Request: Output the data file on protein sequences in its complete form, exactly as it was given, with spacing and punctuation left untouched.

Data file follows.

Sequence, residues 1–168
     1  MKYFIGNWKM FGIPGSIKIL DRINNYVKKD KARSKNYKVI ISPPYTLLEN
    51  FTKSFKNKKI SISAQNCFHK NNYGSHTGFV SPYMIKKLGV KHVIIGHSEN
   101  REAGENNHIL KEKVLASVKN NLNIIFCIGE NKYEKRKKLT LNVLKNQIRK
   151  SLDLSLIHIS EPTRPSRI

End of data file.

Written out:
Sequence, residues 1–168
     1  MKYFIGNWKM FGIPGSIKIL DRINNYVKKD KARSKNYKVI ISPPYTLLEN
    51  FTKSFKNKKI SISAQNCFHK NNYGSHTGFV SPYMIKKLGV KHVIIGHSEN
   101  REAGENNHIL KEKVLASVKN NLNIIFCIGE NKYEKRKKLT LNVLKNQIRK
   151  SLDLSLIHIS EPTRPSRI